However, it would seem sensible to ring the doorbell, or failing that, to walk through the Gates once God's opened them. And I don't really understand, to get all sola scriptura on you, how the more fatalist traditions can be reconciled with Scripture.

We don't have to open the gates ourselves, but we do have to ring the doorbell. That's simple substitution. Annnnnnd we're back to works-based modified Arminianism.

Either you do something, or you don't.

If you do, we had better devote our lives to figuring out what this "DO" is and then do it, because that is all life will be about. It is the sole priority of life, in this case, to determine the act that brings salvation and commit wholeheartedly to completing this act.

If you don't, then you're left with Marvin's question--why worry about doing anything then? The question makes sense when you approach it from the Modern Christian perspective, which overemphasizes that the value of doing good things is to gain salvation or to prove salvation. With this understanding, if everyone makes it to heaven then good works become meaningless/valueless. Do what you want.

However, if you understand the value of doing good things as being intrinsic to the present life we live, and to enacting and bringing about visible manifestations of God's grace, and to helping others realize more fully their true inheritance so that they may begin to enjoy it immediately to some extent, then we have a new motivation. (To me, it's a better one, too.)

-Digory

PS Ingo, did we lose the conversation about choice from the last page? It seems to have shifted away from the core discussion we were having. But maybe I'm just too dense to follow along. [Biased]

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Freddy
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quote:
Originally posted by professorkirke:
However, if you understand the value of doing good things as being intrinsic to the present life we live, and to enacting and bringing about visible manifestations of God's grace, and to helping others realize more fully their true inheritance so that they may begin to enjoy it immediately to some extent, then we have a new motivation. (To me, it's a better one, too.)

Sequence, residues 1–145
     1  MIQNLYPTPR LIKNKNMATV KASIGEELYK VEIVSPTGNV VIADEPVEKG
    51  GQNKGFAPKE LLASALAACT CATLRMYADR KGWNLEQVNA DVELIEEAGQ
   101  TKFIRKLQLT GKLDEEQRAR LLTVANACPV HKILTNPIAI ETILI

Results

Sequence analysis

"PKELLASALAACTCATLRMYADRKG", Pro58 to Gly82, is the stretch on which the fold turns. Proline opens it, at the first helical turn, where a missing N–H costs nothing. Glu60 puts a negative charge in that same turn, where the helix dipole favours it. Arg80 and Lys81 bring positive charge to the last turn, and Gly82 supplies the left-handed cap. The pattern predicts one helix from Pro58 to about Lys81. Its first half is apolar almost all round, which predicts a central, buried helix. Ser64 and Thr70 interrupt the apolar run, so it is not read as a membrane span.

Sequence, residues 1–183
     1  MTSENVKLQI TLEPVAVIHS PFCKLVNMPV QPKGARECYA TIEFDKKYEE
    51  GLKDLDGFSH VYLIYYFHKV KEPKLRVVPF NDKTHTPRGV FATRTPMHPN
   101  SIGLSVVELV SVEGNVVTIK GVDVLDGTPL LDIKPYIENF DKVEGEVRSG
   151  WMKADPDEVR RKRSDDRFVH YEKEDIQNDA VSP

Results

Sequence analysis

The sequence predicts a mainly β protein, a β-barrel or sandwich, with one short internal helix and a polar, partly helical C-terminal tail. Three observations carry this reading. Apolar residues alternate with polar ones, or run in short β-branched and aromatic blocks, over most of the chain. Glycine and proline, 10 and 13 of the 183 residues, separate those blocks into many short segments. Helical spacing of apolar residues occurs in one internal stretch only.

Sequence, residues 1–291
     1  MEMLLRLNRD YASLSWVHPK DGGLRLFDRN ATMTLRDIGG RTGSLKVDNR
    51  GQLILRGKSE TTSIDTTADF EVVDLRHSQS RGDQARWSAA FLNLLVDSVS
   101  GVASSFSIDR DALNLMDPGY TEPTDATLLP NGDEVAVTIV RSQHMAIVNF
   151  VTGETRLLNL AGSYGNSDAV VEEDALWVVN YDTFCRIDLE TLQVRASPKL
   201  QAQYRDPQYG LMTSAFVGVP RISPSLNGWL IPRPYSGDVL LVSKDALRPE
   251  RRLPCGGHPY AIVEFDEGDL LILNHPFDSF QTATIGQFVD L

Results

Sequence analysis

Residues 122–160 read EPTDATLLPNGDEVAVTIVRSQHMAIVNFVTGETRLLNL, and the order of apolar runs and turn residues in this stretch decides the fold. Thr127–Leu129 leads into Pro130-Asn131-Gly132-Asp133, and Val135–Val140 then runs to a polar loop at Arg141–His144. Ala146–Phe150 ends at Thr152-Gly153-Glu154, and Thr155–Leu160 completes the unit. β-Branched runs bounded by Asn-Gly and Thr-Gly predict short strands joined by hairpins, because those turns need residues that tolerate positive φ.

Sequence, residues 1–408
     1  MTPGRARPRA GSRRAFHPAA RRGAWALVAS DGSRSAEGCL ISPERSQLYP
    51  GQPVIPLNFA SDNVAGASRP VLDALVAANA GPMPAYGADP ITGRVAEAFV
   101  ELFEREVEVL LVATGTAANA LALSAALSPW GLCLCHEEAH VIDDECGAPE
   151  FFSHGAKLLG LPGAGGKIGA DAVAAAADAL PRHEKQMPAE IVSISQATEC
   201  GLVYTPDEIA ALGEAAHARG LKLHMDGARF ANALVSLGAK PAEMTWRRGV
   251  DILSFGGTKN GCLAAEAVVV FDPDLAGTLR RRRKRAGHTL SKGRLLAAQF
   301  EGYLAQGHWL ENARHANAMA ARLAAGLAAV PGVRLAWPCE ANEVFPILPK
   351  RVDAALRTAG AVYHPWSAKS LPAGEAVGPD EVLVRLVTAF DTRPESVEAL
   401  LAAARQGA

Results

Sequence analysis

It is most certainly a better one.

Life is not divided into present and future. It is always the present. Living as God teaches, to the best of your ability, is the way to improve the present, both for yourself and for others.

I don't know that there is that much more to it.

Does anyone think that this is impossible? Or that it wouldn't improve life? [Confused]

--------------------
"Consequently nothing is of greater importance to a person than knowing what the truth is." Swedenborg

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PaulTH*
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Origianlly posted by Freddie:

quote:
No. God does the work. We only seem to ourselves to do the work. He is present in the effort itself, and this, therefore, is where being born again happens .
Dear Freddie

I think you could have run the Boston Marathon with the energy you have put into this thread!! If you believe that "God does the work" why aren't you a universalist. If you believe that we have to respond to that work, you are Pelagian. As someone way back whose name I can't remember said, the Bible can prove works righteousness, it can prove salvation by creed and it can prove universal salvation. Take your pick as to which one best suits your temprament.